Swindon: Opinions split over 'failing schools' claim
Parents and teachers have reacted strongly to an official letter saying children in Swindon are being failed "at every level" by the education on offer in their area.
Feelings are running high but opinion is divided about the comments made by Bradley Simmons, Ofsted's regional director for the South East, in a letter to Swindon Borough Council.
In the letter, Mr Simmons called for immediate action to improve the the schools in the town, which he said were "cause for serious concern".
Christel Stevens said she and her husband were teachers in other boroughs and had just transferred their son out of a primary school in Swindon to one elsewhere in Wiltshire after a "poor experience".
She added: "He is thriving now, despite Reception year being wasted."
And parent James Garfield labelled one senior school as an "utter disgrace".
He said: "When challenged as to why the school did not set homework, I was informed that the teacher in question did not have homework when he was at school and he did all right - hardly the point.
"I believe the reason the schools in north Swindon in particular are so bad is that the head teachers are prepared to play social experiments with our children, such as the no-homework policy."
However, Sarah-Kate Tonkin, who has children at primary and secondary schools in Swindon, completely disagreed with the Ofsted findings.
"If you want to talk about measurable academic achievements, one of my older children has been in national finals for maths and Stem [science, technology, engineering and maths] this year," she said.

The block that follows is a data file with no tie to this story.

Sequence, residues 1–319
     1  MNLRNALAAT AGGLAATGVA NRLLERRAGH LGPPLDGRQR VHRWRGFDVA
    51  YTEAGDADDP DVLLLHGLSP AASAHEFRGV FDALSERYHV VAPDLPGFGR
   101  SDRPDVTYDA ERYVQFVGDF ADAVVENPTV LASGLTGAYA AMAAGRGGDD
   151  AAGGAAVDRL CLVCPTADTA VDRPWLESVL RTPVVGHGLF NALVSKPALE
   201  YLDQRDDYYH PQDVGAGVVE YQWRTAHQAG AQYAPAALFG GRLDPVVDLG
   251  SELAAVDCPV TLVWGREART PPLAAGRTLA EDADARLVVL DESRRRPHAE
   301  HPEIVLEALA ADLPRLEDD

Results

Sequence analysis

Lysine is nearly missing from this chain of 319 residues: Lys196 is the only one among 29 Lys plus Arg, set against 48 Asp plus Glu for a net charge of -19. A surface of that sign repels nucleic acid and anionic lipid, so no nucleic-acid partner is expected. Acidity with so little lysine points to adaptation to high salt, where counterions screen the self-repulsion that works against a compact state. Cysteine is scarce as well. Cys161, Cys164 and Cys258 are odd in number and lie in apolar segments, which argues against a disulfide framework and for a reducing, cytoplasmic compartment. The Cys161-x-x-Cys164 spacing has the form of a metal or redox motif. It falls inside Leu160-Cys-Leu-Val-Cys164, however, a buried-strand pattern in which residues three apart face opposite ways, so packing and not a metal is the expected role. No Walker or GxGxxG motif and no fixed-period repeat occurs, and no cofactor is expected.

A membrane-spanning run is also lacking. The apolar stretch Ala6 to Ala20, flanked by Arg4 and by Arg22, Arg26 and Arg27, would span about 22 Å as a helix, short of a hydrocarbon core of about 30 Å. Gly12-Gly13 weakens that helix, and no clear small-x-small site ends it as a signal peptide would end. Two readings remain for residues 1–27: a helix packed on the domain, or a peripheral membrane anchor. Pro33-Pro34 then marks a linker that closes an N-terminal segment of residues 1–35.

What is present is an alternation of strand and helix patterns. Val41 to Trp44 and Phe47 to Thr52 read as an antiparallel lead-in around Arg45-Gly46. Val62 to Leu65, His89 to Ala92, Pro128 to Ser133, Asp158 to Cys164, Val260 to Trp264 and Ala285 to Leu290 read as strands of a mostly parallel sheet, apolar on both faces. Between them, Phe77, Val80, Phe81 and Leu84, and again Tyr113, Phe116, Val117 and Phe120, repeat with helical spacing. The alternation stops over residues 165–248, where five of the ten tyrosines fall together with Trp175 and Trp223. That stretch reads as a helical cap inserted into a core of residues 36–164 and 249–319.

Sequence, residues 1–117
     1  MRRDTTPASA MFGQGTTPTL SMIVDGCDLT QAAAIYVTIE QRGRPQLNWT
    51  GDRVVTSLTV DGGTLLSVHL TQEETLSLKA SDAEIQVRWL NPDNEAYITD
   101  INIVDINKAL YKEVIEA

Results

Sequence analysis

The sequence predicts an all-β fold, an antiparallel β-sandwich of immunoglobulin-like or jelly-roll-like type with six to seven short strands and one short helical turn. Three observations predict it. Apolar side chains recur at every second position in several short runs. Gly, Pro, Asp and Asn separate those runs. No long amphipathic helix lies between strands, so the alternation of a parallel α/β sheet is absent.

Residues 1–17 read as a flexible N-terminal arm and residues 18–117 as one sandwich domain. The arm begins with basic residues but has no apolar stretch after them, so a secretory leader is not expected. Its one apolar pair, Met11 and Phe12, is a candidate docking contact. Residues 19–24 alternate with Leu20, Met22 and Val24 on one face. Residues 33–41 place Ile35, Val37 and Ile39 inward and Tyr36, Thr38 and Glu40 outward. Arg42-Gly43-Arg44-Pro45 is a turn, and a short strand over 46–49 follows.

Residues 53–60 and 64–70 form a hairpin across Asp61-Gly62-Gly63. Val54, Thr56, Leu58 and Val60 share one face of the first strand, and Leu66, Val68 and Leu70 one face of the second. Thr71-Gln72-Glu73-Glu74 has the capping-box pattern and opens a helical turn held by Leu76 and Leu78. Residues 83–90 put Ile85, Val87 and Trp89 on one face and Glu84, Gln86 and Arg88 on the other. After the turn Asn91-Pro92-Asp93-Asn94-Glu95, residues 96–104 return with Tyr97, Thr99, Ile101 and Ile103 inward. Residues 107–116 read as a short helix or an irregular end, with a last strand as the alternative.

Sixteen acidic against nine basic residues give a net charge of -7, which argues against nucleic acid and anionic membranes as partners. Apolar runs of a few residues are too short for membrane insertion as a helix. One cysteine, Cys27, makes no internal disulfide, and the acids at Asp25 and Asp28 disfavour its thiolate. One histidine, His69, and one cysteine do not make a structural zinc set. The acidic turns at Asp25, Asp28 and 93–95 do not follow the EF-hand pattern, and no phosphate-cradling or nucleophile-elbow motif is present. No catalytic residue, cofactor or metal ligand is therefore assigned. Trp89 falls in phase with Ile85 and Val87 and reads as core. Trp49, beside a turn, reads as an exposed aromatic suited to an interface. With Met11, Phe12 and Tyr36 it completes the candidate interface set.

"That is not a sign of failing pupils as far as I can see."
Mrs Tonkin said one of her daughters had gone to a primary school that had transformed her from a shy child to one who could stand up make a speech or perform at an audition.
"This primary school, which my youngest still attends, has taught them all the values of kindness, resilience, leadership - all immeasurable as far as I can see, but they are the skills that will take them on in life," she said.
"I am proud of my kids - but they are who they are partly because of the teachers that they encounter every day."
Ella March, who left secondary school in Swindon two years ago, and is now a university student, said she was not surprised by the content of the Ofsted letter because her secondary school had not been good at dealing with bad behaviour among students.
To make matters worse, she said, many of the teachers she had thought were the most enthusiastic had since left the school because there was so little advantage to teaching there.
But Callum Love, a sixth-form pupil at an academy school in Swindon, said his school had made progress in its results in every one of the past five years.
"My school is in the top 20% of progress last year nationally, which is the second best progress in the town," he said.
Mike Welsh, who is a primary school head teacher in Swindon, challenged Mr Simmons "to come and see how well our primary school children are being taught".
He said: "We do not have our heads in the sand and appreciate, as do all schools, that we are in a constant state of improvement.
Mr Welsh, who has been a head teacher for 30 years, said: "Do not run our children down, as they have worked very hard.
"In Swindon primaries, we have excellent leadership, teachers and support staff who dedicate themselves to high quality teaching."
He said Mr Simmons's data analysis was "clearly inadequate".
In one case Ofsted, had simply looked at the first set of results of a new test for pupils finishing primary school in 2016, Mr Welsh said.
But both Russell Hobby, general secretary of school leaders' union NAHT, and former Education Secretary Nicky Morgan had said that because the test was new, any comparisons to previous years would be meaningless.
By Annie Flury, UGC and Social News Team